The ipod warranty [apple.com] has been improved to one year, up from its much criticized 90 day warranty. The ipod service page [apple.com] doesn't reflect this new warranty yet... out-of-warranty repairs cost an amazing $256.

    Yesterday I read an article in a major newspaper (NYT, WSJ, or washington post - sorry, couldn't find link) describing how many high tech things (including the ipod) didn't come with suitable warranties -- for example, dell just changed from a 3 year to 1 year warranty.
  • just 'steal' it (Score:5, Insightful)

    by jchristopher (198929) on Wednesday July 17, 2002 @01:27PM (#3902943)
    If ever there was an OS update that deserved to be 'stolen', this is it. For 18 months now, OS X users have been promised dramatic speed increases and an end to the spinning beach ball of death "real soon now". Every update has delivered tiny incremental speed increases, yet even with 10.1.5, the GUI still lags.

    The people that have already bought and paid for OS X are Apple's staunchest supporters. If anyone deserves to finally have a fast OS, it's them. Yet they are being asked to pay full tilt ($129) for the speed that should have been there in the very first release.

    OS X as it currently sits can be slow even on fast Mac hardware, and annoyingly laggy on slower Macs. This is simply not acceptable. Mac OS X users deserve these fixes for free, and I suspect that most people will take them without paying if they have the opportunity.

  • by SPYvSPY (166790) on Wednesday July 17, 2002 @02:47PM (#3903579) Homepage
    The online petition to oppose the new .Mac charges is available at here. [petitiononline.com]

    My 2 cents: The email accounts should remain free. The rest can be value-add fee-based.
  • by Sebastopol (189276) on Wednesday July 17, 2002 @03:16PM (#3903802) Homepage
    What's up with Job's quote:

    '...Apple is now the biggest supplier of Unix-based operating systems in the world -- "bigger than Sun, bigger than Linux" -- Apple CEO Steve Jobs announced during his Macworld keynote speech on Wednesday...'

    Anybody buy this?
  • by Anonymous Coward on Wednesday July 17, 2002 @03:25PM (#3903872)

    I just called the Apple store at 1-800-my-apple, and the rep told me that the upgrade proof of purchase coupons you get when you buy a new machine will not apply to this upgrade, so it's $129 across the board, (unless you buy your machine starting today, and it doesn't already have Jaguar installed).

    She told me Apple is taking comments from (potential) customers to gauge their reactions, and that it could possibly result in changes to the plan. (Remember that the upgrade isn't actually available until August 24...plenty of time for them to change the pricing policy).

    In my case, I told them I was a "switcher" who has bought two new macs (an iMac and an iBook) in the last four months, and I was very unhappy that I'll need to pay $260 to upgrade them to 10.2. I suggested that they should at least honor the coupons and give a price break for them.

    Call them and tell them what you think...maybe we can make a difference.

  • iSpeak (Score:3, Funny)

    by techstar25 (556988) <techstar25NO@SPAMcfl.rr.com> on Wednesday July 17, 2002 @03:34PM (#3903947) Homepage Journal
    iWant to iGet iMyself iOne of iThose iNew 17" iMacs.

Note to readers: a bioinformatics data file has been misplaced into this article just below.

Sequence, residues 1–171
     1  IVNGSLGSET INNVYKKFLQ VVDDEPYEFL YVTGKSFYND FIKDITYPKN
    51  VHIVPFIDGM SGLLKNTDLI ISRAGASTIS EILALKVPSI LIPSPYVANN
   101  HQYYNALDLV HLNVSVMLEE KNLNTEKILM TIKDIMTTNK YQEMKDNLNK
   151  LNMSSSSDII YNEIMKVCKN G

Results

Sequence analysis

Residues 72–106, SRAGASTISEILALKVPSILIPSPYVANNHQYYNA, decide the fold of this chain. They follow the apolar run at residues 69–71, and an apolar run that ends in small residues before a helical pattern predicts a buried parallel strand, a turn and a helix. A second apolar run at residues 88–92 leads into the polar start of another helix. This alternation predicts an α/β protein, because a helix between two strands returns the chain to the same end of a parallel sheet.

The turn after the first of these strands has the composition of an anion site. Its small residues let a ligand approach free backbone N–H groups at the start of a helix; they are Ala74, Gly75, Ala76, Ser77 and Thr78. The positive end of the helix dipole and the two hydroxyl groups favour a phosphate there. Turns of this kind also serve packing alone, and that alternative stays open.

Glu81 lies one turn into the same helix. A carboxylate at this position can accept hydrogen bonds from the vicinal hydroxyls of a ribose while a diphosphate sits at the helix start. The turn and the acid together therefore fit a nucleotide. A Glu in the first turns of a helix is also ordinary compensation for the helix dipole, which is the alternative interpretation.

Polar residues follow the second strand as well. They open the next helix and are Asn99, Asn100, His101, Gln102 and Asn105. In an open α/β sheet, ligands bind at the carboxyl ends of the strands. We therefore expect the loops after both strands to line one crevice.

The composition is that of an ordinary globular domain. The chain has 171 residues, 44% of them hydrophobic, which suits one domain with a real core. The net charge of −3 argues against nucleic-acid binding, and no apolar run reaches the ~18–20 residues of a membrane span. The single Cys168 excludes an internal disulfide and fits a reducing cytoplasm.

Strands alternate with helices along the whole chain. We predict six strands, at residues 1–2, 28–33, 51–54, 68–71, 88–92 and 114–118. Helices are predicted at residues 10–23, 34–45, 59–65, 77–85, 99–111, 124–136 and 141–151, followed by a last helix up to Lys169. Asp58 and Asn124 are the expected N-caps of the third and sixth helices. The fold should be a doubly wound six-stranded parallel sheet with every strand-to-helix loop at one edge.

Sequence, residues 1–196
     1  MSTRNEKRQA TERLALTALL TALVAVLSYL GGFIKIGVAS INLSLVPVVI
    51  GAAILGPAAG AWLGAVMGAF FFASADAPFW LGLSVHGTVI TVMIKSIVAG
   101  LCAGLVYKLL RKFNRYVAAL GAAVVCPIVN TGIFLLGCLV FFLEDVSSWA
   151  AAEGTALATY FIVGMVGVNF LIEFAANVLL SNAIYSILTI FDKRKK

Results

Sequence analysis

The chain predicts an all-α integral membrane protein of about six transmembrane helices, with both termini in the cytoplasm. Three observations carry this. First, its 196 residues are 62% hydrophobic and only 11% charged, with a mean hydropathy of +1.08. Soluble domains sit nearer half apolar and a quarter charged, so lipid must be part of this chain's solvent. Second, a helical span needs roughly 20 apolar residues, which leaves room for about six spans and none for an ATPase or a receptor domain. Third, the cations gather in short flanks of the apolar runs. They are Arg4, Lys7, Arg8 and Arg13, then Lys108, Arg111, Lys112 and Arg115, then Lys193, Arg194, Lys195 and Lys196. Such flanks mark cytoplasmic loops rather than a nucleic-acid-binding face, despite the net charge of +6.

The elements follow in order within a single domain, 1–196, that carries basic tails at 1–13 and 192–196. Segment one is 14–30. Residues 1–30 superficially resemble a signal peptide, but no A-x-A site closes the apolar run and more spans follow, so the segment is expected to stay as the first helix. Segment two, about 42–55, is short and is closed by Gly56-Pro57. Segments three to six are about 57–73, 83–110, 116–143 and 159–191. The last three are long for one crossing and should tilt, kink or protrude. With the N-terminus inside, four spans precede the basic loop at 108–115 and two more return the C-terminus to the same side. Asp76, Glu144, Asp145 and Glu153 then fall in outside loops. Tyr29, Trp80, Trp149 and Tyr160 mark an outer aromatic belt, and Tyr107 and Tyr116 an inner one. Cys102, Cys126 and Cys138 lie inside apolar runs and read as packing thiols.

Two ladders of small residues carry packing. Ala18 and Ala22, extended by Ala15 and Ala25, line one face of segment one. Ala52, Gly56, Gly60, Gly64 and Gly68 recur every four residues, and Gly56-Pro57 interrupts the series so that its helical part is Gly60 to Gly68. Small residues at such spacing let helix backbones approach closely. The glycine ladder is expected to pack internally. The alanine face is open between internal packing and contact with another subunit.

• by Etcetera (14711) on Wednesday July 17, 2002 @05:36PM (#3904886) Homepage

    I think it's interesting how people are calling Jaguar just a "bug fix release" or "service pack" even though there are a TON of new features and archetecural improvements running behind the scenes.

    Apple is one of the few non-Unix companies that still cares about a semi-consistant versioning scheme:

    v A.B.C
    A=Major release number, new paradigms, etc...
    B=Minor release number, incremental improvements
    C=Bug fix release

    In the past, Apple has bumped the minor release to x.5 when some sort of major incompatability occurred (ie, OS 8.5 was the first to require a PowerPC Mac). They didn't do that here, but I wonder people would be as bent out of shape about it if Apple *had* called this Mac OS X 10.5. Or maybe Mac OS X 2002? Compare the product on a feature-level, not a numeric level.

    Apple usually isn't willing to inflate a version jump for marketing purposes:

    - Mac OS 6 to 7 was a giant jump in terms of structure.

    - Mac OS 7.1.1 to 7.5 wasn't quite as big, but did greatly expand the "experience" with new technologies (and doubled the distribution size).

    - Mac OS 7.6.1 to 8.0 had a major UI overhaul, mutli-threaded Finder, and major architectural re-writes.

    - Mac OS 8.5 began life as 8.2 until it hit beta and it was decided that it would be PowerPC only. (Even though it was 8.6 that deserved the monkier thanks to the new microkernel.)

    - Mac OS 9 was Mac OS 8.7 until a beta as well, although that was probably to help maintain a clear separation between OS 9 (designed to work with X) and 8 (not).

    - Even though OS X is in roman numerals, it's still numerically just OS 10.x.

    Compare this to Microsoft (and, by following MS's example, a majority of the Windows software out there) which gets away with murder by renaming a bug patch according to the current year and can charge an arm and a leg for it. Even MS realized that Windows 98 was just Windows 4.1 (and Office 98 contains Word 7.0).

    Could someone please tell me where the hell Windows Media Player 8 went though?